Methods for collecting qualitative data include:
Talking to someone one-on-one allows a researcher to cover more ground than may be covered if a respondent was completing a survey. The reason lies with the researcher’s ability to dig deeper into a respondent’s comments to find out additional details that might not emerge from initial responses.
Unfortunately, individual interviewing can be quite expensive and may be intimidating to some who are not comfortable sharing details with a researcher.
Watching customers as they perform activities can be a very useful research method, especially when customers are observed in a natural setting (e.g., shopping in a retail store, using products at home). In fact, an emerging research technique called ethnographic research has researchers following customers as they shop, work, and relax at home in order to see how they make decisions, use products and more.
To overcome the drawbacks associated with personal interviews, marketers can turn to focus groups. Under this research format, a group of respondents (generally numbering 8-12) are guided through discussion by a moderator. The power of focus groups as a research tool rests with the environment created by the interaction of the participants. In well-run sessions, members of the group are stimulated to respond by the comments and the support of others in the group. In this way, the depth of information offered by a respondent may be much greater than that obtained through individual interviews.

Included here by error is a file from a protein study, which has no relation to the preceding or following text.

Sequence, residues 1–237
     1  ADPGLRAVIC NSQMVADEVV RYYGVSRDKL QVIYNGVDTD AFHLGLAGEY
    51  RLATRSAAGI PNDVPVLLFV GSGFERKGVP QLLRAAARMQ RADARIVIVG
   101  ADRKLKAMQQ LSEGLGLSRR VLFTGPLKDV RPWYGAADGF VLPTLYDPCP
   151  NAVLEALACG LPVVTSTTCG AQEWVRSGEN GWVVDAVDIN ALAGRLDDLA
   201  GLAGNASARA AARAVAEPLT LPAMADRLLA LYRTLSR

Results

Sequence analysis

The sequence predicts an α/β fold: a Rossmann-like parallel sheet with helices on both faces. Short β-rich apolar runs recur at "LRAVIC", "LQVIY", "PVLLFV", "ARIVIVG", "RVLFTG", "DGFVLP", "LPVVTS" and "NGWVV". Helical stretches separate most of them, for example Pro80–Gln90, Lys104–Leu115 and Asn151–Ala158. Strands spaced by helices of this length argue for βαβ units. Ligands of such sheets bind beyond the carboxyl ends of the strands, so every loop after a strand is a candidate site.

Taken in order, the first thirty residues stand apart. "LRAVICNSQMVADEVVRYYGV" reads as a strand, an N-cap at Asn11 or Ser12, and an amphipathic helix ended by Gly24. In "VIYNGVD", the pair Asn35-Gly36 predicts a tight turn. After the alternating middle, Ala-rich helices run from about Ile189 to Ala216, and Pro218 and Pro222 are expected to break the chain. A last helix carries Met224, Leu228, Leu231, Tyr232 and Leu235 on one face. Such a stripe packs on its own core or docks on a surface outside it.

However, focus groups can be costly to conduct especially if participants must be paid. To help reduce costs, online options for focus groups have emerged. While there are many positive aspects to online focus groups, the fact that respondents are not physically present diminishes the benefits gained by group dynamics. However, as technology improves, in particular video conferencing, the online focus group could become a major research option.